Ambigamy

Insights for the deeply romantic and deeply skeptical

5 Hollywood Film Rules For Finding and Sustaining True Love

Rule number one may not apply, but it's actually the least important.

The number one Hollywood movie rule to finding and sustaining true love?

Simple: 

1. Be sexy-gorgeous and have a sexy-gorgeous love interest. 

Oh, and be surrounded by endearing goofballs who make great friends.

Alas, it’s hard to apply rule number one, if you’re not sexy-gorgeous. We’ve got the bodies and faces we’ve got. Diet, exercise, make-up, clothes, dentistry, hairstyling, plastic surgery—you can work with what you’ve got to make it more physically alluring, but only with limits and only for a limited time.

Rule number one is fine for films, especially ones that end with a hand-waving happily ever after. 

In real life, no matter how sexy-gorgeous you are, eventually a partner gets used to it. Familiarity breeds contentment at best, not excitement. Partners eventually come to know your physical sexiness like the back of their own hand—not very exciting. 

And then we age. So presumably do the Hollywood partners, but usually off camera.

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The good news though is that there are rules beyond rule number one, the big one is that allure is more a function of your style of interaction than your hairstyle.

A lot of sex appeal isn’t how you look to your date but how you look at the world. 

True romance in the movies is largely a function of screenwriting and acting, conversations that feel alive, earthy, exploration, informal, playful, conversations bristling with potential for sustainable fun together. 

Great romantic chemistry isn’t a stable chemical bond, but the potential for a chain reaction, the prospect of lively interaction for years and conversations to come.

You’ve walked away yawning from bad romantic movies. The actors were probably sexy-gorgeous enough, but their interaction was tinny—no chemistry. You’ve also walked away yawning from bad dates too, even with attractive people. And why? Because the interaction was tinny too—no chemistry.

Here are four screen-writerly rules for making good sexy impressions that last, no matter what your body type:

2. Be childlike, not childish: Want to stay young and vibrant? Keep your curiosity alive. In conversation pick up on interesting things your date/partner says, and invite playful, collaborative exploration. Really wonder together, like kids playing.

Many of us misread such live wondering as a sign of immaturity, as though it’s more sexy to be all grown up. And grownups have all the answers.

Only the immature think grownups have all the answers. Don’t be childish. Don’t pretend you’re a grown up by being a know-it-all. Bullies and other big person wannabes desperately pose as authorities on everything. Unless you want a puny victim for a partner, don’t posture like you’ve earned the last word. Let the conversation breathe and sway, like kids jabbering on a swingset.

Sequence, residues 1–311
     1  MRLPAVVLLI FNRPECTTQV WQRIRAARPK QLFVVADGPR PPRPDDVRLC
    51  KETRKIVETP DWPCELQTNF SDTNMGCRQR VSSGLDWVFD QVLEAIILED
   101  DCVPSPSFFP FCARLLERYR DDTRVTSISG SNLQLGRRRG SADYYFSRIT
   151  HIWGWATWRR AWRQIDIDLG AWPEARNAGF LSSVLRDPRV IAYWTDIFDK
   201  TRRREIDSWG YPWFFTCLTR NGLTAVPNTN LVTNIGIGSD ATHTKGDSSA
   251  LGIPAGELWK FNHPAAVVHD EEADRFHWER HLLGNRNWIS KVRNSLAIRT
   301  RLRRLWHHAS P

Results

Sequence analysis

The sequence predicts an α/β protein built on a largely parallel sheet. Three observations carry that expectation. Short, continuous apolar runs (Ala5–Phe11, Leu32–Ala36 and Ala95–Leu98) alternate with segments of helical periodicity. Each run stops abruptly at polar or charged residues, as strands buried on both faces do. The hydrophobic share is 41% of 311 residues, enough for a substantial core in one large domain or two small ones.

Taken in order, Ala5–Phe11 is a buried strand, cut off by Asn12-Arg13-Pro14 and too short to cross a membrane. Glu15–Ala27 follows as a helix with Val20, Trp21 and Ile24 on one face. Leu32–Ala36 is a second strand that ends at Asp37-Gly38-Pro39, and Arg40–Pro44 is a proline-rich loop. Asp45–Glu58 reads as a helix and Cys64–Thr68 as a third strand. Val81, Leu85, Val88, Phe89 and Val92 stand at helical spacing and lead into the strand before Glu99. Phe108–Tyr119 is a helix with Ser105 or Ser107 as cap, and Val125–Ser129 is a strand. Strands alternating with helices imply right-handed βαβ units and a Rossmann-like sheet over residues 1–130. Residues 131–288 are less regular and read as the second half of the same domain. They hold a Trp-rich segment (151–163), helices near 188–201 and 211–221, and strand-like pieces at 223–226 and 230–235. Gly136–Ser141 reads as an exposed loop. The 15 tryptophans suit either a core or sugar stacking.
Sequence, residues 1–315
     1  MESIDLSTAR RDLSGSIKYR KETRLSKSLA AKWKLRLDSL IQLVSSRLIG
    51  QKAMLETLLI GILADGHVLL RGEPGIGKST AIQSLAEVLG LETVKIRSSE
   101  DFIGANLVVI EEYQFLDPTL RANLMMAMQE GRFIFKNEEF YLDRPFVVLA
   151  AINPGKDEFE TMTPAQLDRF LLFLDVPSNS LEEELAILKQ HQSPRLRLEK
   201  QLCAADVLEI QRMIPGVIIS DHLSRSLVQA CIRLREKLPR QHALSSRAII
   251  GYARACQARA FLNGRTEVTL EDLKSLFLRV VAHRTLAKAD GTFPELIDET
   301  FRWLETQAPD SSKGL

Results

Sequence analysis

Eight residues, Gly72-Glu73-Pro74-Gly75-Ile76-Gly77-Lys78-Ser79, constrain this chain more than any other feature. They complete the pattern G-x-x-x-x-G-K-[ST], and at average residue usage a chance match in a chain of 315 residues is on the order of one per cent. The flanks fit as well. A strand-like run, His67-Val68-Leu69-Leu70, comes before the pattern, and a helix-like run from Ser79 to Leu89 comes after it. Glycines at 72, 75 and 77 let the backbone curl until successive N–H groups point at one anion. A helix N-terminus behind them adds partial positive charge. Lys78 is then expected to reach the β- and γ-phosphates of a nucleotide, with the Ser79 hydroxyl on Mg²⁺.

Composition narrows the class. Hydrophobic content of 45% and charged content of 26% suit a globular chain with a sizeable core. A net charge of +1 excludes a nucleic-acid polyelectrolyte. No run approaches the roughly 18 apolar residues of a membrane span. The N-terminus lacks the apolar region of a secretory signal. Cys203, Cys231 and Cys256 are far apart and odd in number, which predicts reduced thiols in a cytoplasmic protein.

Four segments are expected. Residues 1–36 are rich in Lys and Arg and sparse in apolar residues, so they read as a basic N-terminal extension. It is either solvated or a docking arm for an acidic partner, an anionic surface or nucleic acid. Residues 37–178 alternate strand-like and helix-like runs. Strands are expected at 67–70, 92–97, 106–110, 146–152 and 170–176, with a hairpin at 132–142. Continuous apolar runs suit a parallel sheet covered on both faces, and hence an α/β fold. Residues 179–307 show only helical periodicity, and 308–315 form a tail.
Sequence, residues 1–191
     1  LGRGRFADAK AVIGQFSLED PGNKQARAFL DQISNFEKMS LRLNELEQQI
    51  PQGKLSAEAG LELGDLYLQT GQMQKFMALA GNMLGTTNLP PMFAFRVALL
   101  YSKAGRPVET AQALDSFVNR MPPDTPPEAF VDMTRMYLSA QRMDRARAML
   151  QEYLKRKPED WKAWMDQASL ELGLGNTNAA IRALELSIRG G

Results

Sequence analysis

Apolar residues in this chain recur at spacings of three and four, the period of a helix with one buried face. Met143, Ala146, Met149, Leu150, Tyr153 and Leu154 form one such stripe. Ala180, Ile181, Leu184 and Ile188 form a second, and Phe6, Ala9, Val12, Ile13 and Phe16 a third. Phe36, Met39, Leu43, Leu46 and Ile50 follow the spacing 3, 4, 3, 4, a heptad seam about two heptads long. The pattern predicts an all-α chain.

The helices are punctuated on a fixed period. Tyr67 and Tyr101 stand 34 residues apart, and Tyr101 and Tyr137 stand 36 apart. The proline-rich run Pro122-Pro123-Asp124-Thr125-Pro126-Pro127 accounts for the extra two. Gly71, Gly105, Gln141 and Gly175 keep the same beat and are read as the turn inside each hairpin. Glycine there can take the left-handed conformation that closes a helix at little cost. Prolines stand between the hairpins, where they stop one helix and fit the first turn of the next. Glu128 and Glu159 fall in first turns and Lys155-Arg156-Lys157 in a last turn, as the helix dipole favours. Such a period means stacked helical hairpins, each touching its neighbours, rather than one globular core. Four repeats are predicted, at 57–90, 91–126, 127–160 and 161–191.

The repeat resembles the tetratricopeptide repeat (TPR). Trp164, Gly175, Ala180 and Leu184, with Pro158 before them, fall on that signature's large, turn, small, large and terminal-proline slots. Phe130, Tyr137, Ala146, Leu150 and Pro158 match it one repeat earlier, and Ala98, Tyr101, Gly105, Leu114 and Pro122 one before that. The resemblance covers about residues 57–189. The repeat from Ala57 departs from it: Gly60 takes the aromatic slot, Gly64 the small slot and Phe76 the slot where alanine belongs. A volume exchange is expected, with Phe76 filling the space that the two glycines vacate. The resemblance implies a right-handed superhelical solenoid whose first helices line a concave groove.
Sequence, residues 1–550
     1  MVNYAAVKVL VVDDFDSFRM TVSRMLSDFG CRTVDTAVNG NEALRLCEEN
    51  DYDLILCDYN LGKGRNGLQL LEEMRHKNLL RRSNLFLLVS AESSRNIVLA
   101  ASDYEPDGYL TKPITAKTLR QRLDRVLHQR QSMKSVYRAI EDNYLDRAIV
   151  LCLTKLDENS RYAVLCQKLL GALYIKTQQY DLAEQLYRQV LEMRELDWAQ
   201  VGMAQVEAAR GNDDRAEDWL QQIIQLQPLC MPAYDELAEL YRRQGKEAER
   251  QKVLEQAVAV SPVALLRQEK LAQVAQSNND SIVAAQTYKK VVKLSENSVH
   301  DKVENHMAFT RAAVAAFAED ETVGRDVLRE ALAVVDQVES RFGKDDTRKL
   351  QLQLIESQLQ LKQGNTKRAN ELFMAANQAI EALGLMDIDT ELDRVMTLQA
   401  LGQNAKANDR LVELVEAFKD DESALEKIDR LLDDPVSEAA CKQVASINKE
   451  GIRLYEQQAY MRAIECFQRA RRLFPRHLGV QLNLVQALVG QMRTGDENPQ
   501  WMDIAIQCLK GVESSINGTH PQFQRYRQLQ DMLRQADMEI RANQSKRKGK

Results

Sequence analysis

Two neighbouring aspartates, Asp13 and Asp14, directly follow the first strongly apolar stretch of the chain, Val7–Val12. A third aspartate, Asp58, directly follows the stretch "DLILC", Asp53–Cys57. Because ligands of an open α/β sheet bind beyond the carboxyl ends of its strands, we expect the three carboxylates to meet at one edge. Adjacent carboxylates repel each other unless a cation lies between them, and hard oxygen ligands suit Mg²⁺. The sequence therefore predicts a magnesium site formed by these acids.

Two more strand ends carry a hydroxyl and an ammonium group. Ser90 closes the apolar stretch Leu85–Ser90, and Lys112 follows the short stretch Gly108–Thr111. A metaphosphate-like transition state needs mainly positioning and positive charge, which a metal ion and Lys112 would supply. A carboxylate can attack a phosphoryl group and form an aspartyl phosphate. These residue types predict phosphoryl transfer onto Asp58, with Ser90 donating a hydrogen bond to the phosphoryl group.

3. Demonstrate calm amused self-inclusive irreverence: There’s nothing so charming and endearing as your delight and amusement at human nature and your place in it. Not nervous laughter at traits you haven’t made real peace with, but true comfort in your own skin, hard earned perhaps, but earned. Don’t flaunt your flaws, don’t point them out, but show that they’re safe territory. That way a partner knows he or she doesn’t have to walk on eggshells to protect your fragile ego, an unsustainable dance if there ever was one. Make room for you both to be human. Enjoy a honeymoon romp through romantic exceptionalism whereby you both act for a time like you’re a clear cut above all the rest. But hint that there will be a soft landing in reality—two real and normal people romping through the fun house of life together. Very sexy. 

4. Moralize sparingly: Somepeople aren’t just know-it-alls; they’re judge-it-alls, as though their life purpose is to police humanity into high compliance with the one true way. They lavish moral praise and condemnation as if they have an unlimited budget for thought-enforcement. “I find that offensive,” they say, at the slightest flinch, meaning that the world had better straighten up.  They turn their every disappointment into an accusation. They’re moral spendthrifts indulging every whim, preference or superstition. "You eat that? It’s poison! Shame on you.” If only people lived the way they think it should, then everything would work out fine. And if you disagree with them they’re the first to moralize that “one shouldn’t be judgmental.”

Such people don’t play leading men and women in romantic films, and they don’t in real life either, unless they happen to find partners who share their moralizing calling, and even still, with such people there’s no room to grow without violating their exacting standards. It’s not sustainable, and it’s not sexy. Judge, but sparingly. That way your partner will have maximum room to be his or her self.

5. Learn to do the safety/freedom dance with grace: Boy meets girl, boy and girl fall in love, boy and girl feel vulnerable and unsafe, boy and girl reassure each other, boy and girl find partnership claustrophobic and consider breaking free. 

But then boy and girl figure out that love is like that. Boy and girl learn to manage their expectations to maximize each other’s freedom and safety. Boy and girl live happily ever after.

Jeremy Sherman is an evolutionary epistemologist studying the natural history and practical realities of decision making.

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